146. Ink and Ash
  147. When 9th century a Persian polymath, physician, alchemist, and philosopher Abū Bakr Muhammad Zakariyyā Rāzī was tasked with choosing the location for a new hospital, he hung up pieces of meat in different places around Bahgdad and had the hospital built in the area where the meat rotted the most slowly. 
  148. In the Norse mythology that JRR Tolkien ripped off, I mean, borrowed heavily from, there is no mention of dwarves being short, as we see them depicted in all fantasy stories and games for the last 65 years.  They are miners by trade, though, but instead of being ginger, as pitch black in color.
  149. Ashkenazi Jews of Europe can trace their lineage back to a group of about 350 people who lived 700 years ago.
  150. Among his many eccentricities, Nikola Tesla couldn’t stand to be in the presence of pearls.  When his secretary showed up for work one day with a pearl necklace on, he made her go home. 
  151. And we’ll finish up back where we started.  The Guiness Book of World Records holds the world record for the best-selling copyrighted book of all time, having sold over 130 million copies at last count, and is also the book most commonly stolen from libraries.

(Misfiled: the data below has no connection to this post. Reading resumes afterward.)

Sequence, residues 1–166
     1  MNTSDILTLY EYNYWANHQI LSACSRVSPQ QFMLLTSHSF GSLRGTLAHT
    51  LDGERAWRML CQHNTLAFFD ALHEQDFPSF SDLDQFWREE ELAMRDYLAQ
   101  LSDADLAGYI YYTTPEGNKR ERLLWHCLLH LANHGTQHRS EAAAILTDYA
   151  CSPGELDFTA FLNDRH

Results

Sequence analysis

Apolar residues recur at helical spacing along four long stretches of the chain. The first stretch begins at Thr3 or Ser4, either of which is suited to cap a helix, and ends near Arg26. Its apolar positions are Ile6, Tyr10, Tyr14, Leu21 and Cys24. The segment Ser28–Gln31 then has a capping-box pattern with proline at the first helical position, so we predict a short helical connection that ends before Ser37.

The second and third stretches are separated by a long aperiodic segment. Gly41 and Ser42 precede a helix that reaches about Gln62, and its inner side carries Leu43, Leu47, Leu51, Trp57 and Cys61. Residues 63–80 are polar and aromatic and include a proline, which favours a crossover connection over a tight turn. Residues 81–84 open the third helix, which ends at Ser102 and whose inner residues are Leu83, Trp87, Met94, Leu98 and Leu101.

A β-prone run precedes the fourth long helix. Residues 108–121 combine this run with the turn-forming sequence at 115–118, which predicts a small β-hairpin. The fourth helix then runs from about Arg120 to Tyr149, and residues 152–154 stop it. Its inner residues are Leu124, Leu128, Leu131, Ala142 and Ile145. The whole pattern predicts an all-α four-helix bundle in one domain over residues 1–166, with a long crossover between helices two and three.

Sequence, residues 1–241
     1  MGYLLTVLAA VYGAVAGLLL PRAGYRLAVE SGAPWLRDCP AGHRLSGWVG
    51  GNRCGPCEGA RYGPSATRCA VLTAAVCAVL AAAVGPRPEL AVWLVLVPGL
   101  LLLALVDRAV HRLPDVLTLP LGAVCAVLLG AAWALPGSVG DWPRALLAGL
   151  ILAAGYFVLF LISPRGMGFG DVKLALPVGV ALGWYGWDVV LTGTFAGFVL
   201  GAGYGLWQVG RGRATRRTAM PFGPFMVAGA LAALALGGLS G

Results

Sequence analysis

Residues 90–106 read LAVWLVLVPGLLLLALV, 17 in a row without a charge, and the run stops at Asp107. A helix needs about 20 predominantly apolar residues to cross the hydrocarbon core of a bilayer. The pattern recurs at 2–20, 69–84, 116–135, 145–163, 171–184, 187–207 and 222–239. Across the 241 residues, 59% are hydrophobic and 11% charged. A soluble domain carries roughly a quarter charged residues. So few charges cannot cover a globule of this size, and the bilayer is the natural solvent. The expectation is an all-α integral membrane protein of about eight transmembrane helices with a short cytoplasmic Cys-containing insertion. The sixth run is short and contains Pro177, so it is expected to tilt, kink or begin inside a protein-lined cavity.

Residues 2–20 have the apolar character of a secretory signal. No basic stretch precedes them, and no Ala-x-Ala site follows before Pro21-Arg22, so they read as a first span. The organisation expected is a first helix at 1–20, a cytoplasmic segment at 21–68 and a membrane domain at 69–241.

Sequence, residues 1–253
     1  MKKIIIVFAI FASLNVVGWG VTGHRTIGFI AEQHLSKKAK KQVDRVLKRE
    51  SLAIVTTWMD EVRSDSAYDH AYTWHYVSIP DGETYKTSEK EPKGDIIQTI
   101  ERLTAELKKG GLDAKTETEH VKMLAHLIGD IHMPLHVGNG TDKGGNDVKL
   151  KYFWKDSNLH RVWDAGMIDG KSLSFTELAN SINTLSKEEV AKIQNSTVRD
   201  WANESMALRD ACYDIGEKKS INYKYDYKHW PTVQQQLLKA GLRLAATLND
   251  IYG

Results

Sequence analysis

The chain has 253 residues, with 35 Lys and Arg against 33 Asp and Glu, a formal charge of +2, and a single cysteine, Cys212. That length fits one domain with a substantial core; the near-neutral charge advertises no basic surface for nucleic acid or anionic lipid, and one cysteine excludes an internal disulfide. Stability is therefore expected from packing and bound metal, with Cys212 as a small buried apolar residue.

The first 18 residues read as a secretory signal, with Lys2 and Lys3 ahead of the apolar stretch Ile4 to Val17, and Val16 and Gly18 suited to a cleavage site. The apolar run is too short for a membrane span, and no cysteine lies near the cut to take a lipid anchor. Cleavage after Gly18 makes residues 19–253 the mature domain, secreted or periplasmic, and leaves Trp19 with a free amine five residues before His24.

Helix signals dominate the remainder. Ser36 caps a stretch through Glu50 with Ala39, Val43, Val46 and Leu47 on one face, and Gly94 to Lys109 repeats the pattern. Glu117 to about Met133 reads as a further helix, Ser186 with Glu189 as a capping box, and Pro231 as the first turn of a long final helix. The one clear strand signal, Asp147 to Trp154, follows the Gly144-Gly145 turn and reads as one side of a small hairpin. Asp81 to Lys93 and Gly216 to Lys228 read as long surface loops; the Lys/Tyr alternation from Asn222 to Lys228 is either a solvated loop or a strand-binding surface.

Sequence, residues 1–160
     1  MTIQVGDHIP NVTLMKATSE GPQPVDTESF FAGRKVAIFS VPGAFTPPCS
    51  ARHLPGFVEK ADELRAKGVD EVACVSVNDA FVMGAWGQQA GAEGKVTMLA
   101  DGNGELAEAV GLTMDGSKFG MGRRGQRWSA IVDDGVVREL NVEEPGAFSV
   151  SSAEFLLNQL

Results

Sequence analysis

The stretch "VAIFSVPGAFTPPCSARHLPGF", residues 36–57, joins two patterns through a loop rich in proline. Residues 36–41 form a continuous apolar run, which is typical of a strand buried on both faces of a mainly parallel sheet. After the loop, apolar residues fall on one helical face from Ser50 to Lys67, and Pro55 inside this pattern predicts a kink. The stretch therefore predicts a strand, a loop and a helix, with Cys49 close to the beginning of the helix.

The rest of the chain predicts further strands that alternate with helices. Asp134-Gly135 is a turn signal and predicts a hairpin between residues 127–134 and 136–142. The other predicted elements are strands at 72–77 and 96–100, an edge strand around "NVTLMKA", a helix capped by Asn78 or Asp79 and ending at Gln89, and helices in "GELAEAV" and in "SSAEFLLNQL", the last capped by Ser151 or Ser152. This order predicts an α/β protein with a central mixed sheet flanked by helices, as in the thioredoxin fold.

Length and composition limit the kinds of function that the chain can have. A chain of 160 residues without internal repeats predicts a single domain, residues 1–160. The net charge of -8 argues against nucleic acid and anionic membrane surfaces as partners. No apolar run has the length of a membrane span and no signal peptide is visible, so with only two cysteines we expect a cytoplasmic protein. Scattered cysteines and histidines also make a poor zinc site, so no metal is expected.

Your Brain On Facts

Things You Didn’t Know, Things You Thought You Knew, and Things You Never Knew You Never Knew

The world is full of things you didn’t know, things you thought you knew, and things you never knew you never knew. From the eponymous podcast comes Your Brain On Facts.

Train your brain. So what if you picked up some historical inaccuracies (and flat-out myths) in history class. Your Brain On Facts is here to teach and reteach readers relevant trivia. It explains surprising science in simple language, gives the unexpected origins of pop culture classics, and reveals important titbits related to current issues.